Why didn’t I appeal like it? He apparently equaled top level view of the system we were working on plus my appearance with… no programming skills. Because I’m able to express myself, I have a bit of “stage presence” and I know what’s necessary to evoke certain impressions. I’m not only hacking computers, I’m also a cultural hacker.

So better watch out ;-).

Business people often aren’t used to a person that has soft skills, but is nonetheless also capable of crunching some microseconds from their e-commerce backend.

That’s why I judge the idea that Rushkoff declares - “programming is our era’s equivalent of literacy” - as absolutely true, but equally unperceived.

I’d love to see people recognizing the value of programming & the creativity that is necessary to do so. But I don’t think this is going to happen in the near future. There’s the occasional silver lining on the horizon from time to time, but will the perception shift?

Even for me, as I judge myself as a quite convincing character, it’s something like the ultimate challenge to awaken interest on these subjects that I invest a major part of my energy and time.

I’m impressed when there’s a little success - when I am able to let somebody gain a little insight from time to time. As i said, I totally agree with Rushkoff, and I’d go further and claim that programming belongs to our cultural assets.

But we’re so far away from a broader audience that does not only consume what we do, but also asks “What’s under the hood, how does that engine work?”. Or even asks: “What’s happening behind the scenes? Who profits from this service?”

One big step into that direction is happening right now. I was totally stoked when a friend of mine, a doctor of medicine, amazed me by the fact that she wasn’t only not bored when I lead the subject toward smart-phones & the choice between the iPhone, the Nexus One & the N900, but even advised me against the nexus one. I asked why, almost bursting from curiosity and having a hard time not to use a leading question. “Google is hoarding information, and ‘Don’t be evil’ doesn’t matter any more. You should not trust in their technology, neither software nor hardware.”.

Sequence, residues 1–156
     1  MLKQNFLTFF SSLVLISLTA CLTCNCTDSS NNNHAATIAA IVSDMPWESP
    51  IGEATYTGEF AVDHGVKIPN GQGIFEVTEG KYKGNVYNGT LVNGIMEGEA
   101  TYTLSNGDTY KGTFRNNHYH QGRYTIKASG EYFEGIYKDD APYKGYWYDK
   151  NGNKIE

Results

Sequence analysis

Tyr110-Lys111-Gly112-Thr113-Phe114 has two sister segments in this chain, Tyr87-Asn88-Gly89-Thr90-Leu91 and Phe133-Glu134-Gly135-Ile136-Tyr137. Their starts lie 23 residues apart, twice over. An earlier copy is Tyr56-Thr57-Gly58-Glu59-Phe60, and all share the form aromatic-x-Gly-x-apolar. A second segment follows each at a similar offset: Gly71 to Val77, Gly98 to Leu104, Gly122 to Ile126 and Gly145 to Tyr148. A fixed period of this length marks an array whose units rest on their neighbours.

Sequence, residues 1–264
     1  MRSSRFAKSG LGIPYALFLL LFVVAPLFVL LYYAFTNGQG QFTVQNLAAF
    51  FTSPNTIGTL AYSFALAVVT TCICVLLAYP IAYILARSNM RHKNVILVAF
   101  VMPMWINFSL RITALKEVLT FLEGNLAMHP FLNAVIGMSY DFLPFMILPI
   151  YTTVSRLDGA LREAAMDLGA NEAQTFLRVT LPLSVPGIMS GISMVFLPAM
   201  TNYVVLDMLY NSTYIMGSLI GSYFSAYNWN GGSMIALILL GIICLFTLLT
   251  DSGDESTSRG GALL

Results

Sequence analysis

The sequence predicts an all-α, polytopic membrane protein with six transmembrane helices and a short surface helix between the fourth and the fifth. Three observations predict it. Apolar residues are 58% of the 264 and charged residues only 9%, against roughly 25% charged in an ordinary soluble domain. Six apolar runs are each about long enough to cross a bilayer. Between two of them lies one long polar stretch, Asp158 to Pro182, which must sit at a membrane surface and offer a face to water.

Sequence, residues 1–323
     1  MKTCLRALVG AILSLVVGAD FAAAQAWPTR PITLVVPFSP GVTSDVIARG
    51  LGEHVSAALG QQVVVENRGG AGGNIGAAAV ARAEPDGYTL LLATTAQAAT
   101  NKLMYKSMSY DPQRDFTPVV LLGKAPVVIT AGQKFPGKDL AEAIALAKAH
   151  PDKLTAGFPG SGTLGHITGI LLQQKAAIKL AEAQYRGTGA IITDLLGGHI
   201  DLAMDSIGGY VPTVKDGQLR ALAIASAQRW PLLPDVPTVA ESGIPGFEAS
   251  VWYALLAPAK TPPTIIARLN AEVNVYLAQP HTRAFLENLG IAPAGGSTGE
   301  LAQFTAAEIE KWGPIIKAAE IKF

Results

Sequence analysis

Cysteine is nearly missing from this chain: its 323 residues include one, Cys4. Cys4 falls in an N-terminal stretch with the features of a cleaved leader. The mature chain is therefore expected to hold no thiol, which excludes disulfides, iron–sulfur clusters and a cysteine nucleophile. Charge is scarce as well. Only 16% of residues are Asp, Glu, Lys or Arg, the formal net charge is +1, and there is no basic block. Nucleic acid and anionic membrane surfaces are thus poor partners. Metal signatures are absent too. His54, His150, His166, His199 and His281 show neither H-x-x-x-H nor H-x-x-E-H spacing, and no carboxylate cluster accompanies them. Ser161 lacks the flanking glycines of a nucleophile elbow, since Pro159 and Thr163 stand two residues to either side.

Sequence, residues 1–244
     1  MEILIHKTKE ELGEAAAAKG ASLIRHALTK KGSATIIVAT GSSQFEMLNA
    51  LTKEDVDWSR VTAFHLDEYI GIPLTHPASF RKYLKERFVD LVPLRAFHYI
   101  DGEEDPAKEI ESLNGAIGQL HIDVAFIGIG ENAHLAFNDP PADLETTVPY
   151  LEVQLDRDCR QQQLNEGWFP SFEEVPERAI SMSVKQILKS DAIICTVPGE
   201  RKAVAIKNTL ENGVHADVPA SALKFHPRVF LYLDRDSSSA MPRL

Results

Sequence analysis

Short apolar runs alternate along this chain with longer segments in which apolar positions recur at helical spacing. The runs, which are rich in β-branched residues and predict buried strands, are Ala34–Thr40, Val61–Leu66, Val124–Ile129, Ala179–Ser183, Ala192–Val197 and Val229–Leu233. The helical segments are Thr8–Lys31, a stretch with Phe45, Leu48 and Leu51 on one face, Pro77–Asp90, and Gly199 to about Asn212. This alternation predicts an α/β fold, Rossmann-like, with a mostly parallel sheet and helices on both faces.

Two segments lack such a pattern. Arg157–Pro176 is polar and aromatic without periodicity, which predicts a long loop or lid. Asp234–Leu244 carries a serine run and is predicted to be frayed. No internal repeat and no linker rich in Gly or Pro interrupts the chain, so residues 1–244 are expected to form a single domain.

Wow. That blew my mind. Just like some months ago, when my girlfriend told me that I shouldn’t use google for searching the web anymore, but ixquick.com. It hurt my ego that this idea did not come from me. I wasn’t able to find the google killer myself in years. But I managed to survive.

The M.D. continued to surprise me “When it comes to searching the internet, you should use ixquick.com since it respects your privacy.”

I was glad my girlfriend already put my ego in it’s place about ixquick: I think I couldn’t have recovered from that one ;-).

So what’s the bottom line? I’m curious how this topic will evolve on a long term. I’d be more than glad if Rushkoffs new book on the subject will propel this thought successfully.

This thought needs help to spread - and if it succeeds in doing so, there will be a kind of digital renaissance. The means of production are already democratized. Imagine the broad audience really using their computers & the internet not only to blindly consume, but to bring the content and infrastructure to question. Add basic knowledge of hard- and software hacking and it even will be possible to adopt the infrastructure according to the needs of the people, since they are able to do so themselves.

Besides these revolutionary changes to society, I personally would really love to see a broader understanding of my passion in general.